The Block 11B/12B covers an area of 19,000 square kilometers, with water depths ranging from 200 to 1,800 meters, and is operated by Total with a 45% working interest, alongside Qatar Petroleum (25%), CNR international (20%) and Main Street, a South African consortium (10%).

The news of the discovery came as Total beat profit expectations in the last quarter of 2018 on record levels of oil and gas production. Total’s net adjusted profit increased 10 per cent in the fourth quarter to $3.2bn, ahead of analyst expectations of closer to $3.1bn. Total’s full year profit jumped 28 per cent to $13.6bn. Production increased 8 per cent at 2.8m barrels a day while cash flow was up 18 per cent at $26.1bn.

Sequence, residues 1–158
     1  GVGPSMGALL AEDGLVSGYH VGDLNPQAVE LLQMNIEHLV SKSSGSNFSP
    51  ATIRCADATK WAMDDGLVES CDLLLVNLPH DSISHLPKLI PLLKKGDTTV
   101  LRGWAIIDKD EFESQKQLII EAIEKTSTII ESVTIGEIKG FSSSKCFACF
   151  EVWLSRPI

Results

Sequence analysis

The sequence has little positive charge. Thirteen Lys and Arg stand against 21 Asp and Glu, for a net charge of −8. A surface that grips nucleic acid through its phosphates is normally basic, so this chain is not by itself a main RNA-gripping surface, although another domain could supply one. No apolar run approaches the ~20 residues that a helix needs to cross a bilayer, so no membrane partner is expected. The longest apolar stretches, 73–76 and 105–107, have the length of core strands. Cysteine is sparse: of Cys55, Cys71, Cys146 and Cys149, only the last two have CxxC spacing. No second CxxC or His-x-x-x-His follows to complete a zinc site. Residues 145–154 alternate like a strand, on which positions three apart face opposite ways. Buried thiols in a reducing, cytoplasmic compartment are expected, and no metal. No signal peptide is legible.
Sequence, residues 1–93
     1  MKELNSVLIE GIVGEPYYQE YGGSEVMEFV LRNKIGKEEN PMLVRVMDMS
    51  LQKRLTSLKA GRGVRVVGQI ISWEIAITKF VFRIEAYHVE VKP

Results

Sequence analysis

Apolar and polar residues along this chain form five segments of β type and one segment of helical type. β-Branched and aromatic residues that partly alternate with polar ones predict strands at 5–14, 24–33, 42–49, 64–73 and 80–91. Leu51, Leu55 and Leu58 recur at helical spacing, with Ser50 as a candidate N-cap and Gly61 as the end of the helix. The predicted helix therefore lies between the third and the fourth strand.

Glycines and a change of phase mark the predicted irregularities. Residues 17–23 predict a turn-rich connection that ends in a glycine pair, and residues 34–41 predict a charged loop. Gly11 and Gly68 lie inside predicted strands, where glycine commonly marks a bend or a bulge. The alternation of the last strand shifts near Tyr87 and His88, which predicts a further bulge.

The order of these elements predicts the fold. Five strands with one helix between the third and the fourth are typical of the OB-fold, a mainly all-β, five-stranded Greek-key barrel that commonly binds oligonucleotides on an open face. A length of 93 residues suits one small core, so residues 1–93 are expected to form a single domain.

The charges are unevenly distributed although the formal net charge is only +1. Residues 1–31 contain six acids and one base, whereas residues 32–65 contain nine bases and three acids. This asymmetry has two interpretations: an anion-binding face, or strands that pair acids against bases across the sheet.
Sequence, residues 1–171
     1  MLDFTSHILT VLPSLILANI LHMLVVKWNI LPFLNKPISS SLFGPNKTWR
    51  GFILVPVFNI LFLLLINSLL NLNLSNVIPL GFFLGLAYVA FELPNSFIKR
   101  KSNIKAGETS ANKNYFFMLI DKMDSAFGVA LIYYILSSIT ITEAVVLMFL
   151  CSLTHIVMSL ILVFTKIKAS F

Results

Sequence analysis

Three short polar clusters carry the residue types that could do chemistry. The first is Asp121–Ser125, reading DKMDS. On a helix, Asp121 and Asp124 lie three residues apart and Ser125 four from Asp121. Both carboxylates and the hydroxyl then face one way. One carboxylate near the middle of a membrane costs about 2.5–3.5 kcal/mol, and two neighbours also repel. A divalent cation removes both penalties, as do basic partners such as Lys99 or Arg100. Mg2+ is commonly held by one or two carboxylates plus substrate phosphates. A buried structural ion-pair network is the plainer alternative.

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Technologies such as artificial intelligence, data analytics and edge computing are now allowing pipeline safety and security to be improved

Pipeline companies use a wide variety of methods to monitor pipelines – from highly advanced technology to patrolling the pipeline right-of-way. Visual inspections are done regularly – either by walking, flying or using drones – and the industry also uses electronic monitoring from high-tech control rooms and patrols inside the pipeline.

But technology is now coming online that can advance the practice, moving from traditional alarm-based systems to a more autonomous agenda utilising the benefits of Artificial Intelligence (AI). There are a myriad of challenges facing pipeline operators complicated by the remote nature of much of the infrastructure and the ageing pipeline system that has a lack of continuous visibility. Operators need to safeguard this infrastructure against vandalism and damage as well as ensuring safety and environmental compliance.